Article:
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GUNFIRE RATTLES SARAJEVO AS FRAGILE TRUCE TAKES HOLD

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Sporadic gunfire and mortar attacks rattled Sarajevo Monday in the early hours of a cease-fire between the Bosnian government and rival Serb forces.

Despite the occasional shooting, people crowded the streets in a heavy rain hoping to replenish food supplies depleted during a 21/2-month-old blockade by Serb irregulars in the hills around Sarajevo. Huddled under umbrellas, shoppers bargained with vendors who had only onions, dandelions and nettles.Meanwhile, Dobrica Cosic, a 70-year-old author and former communist press censor who rose to become a leading champion of neo-Serbian nationalism, was elected president Monday of the new Yugoslav union of Serbia and Montenegro.

Cosic was the sole candidate for the largely ceremonial post of head of state of the two-republic federation.

In Brussels, Belgium, the European Community failed again Monday to accept Macedonia as an independent state because of Greece's concerns that the former Yugoslav republic might harbor territorial designs on northern Greece. Macedonia's leaders deny they claim any Greek lands.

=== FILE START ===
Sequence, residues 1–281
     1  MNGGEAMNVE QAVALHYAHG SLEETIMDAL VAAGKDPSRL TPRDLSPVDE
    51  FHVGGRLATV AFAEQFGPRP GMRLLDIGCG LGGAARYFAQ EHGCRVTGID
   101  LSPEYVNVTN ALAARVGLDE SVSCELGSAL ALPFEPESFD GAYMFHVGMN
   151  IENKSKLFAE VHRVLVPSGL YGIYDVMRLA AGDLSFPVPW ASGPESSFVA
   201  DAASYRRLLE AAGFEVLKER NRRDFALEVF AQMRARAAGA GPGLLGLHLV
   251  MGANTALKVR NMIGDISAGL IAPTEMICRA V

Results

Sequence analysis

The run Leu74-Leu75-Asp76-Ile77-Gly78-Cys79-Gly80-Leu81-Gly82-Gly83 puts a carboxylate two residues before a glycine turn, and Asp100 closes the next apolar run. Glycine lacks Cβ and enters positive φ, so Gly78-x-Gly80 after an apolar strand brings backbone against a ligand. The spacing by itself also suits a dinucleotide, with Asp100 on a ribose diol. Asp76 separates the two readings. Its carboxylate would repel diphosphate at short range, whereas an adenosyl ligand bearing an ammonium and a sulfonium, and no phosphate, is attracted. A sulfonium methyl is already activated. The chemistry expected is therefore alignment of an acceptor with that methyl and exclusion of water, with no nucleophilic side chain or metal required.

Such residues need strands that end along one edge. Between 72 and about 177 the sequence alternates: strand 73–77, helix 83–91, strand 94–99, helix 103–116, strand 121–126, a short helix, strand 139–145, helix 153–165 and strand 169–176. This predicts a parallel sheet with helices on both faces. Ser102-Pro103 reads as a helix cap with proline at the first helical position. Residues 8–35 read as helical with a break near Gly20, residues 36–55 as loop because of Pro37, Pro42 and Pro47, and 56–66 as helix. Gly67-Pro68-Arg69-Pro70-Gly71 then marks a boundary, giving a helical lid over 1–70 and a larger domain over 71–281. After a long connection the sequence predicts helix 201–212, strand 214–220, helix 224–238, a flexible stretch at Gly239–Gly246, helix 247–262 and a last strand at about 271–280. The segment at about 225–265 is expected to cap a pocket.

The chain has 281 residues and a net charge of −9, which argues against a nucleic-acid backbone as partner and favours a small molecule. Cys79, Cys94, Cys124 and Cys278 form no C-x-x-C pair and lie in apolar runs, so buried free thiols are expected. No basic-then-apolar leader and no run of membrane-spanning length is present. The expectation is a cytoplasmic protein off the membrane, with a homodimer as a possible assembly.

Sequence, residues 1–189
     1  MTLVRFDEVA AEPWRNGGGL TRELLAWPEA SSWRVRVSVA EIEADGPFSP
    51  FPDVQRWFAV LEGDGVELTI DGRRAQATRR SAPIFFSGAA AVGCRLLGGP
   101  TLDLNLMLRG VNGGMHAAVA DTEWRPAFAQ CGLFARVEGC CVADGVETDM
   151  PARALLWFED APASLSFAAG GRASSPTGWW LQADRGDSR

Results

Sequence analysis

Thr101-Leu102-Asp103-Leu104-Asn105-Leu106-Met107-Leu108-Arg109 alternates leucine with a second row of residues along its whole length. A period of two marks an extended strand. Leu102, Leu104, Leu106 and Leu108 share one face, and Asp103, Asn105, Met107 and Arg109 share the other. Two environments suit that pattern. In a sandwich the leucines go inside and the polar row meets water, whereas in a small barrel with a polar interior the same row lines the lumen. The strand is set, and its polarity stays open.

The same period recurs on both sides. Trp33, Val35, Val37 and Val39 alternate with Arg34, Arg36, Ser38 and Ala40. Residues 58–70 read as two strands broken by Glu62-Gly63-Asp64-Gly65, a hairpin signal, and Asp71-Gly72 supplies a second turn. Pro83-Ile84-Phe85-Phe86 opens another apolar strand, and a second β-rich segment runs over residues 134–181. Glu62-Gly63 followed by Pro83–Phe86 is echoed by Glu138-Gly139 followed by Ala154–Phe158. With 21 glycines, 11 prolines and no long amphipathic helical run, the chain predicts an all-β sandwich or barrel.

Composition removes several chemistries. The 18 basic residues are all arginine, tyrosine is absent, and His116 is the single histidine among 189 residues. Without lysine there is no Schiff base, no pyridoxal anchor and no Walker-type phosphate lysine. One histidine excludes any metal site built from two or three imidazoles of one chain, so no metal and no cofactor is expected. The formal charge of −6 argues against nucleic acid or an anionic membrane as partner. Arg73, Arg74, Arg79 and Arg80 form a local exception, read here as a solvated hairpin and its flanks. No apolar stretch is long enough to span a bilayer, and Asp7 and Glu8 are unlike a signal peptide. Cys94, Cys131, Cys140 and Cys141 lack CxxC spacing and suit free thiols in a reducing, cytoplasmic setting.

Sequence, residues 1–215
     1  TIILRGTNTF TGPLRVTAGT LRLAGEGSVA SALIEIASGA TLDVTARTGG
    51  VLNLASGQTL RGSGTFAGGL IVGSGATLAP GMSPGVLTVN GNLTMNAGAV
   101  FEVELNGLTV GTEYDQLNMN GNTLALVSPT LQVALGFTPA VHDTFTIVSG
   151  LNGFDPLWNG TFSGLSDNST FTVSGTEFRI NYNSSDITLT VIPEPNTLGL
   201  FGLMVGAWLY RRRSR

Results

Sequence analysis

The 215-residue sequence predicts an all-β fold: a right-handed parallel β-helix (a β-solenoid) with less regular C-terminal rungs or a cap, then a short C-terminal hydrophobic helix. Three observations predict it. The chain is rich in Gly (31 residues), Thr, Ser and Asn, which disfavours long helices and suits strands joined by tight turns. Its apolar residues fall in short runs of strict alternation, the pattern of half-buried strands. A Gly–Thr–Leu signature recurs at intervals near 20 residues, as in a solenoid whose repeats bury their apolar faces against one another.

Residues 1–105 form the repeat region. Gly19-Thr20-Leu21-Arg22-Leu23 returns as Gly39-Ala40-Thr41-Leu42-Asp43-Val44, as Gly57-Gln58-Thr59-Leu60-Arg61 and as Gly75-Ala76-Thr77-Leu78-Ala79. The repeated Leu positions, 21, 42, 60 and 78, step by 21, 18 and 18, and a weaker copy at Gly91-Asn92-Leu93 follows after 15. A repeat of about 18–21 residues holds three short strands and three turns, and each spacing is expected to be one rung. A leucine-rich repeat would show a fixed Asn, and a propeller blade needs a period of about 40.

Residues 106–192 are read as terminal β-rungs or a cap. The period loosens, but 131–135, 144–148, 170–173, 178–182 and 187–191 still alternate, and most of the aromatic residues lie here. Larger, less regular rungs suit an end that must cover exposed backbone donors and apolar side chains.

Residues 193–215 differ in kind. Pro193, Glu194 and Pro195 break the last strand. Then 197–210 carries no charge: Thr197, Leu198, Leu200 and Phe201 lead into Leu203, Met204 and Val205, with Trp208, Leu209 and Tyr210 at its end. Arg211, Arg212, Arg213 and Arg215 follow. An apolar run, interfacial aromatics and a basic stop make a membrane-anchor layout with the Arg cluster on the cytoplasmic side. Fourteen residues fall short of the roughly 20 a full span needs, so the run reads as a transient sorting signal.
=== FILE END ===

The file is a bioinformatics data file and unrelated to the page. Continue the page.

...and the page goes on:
The trade bloc has recognized the independence of Slovenia, Croatia and Bosnia, where about 15,000 people have died in fighting over the last year.

Sarajevo's main street bustled with activity after the truce took effect this morning between Serb militants and troops loyal to Bosnia's government, which is dominated by Muslims and Croats.

After spending a week in shelters during heavy fighting, residents flinched at occasional explosions and bursts of gunfire, Associated Press photographer Santiago Lyon said.

More than a dozen previous truce accords have failed to last.

The Bosnian BH news agency said 12 grenades landed in the downtown area during the morning. Bosnian government forces also repelled an infantry assault from Serb-held positions in a suburban area, it said.

The report said Bosnian Defense Minister Jerko Doko protested the attacks to U.N. peacekeepers in Sarajevo.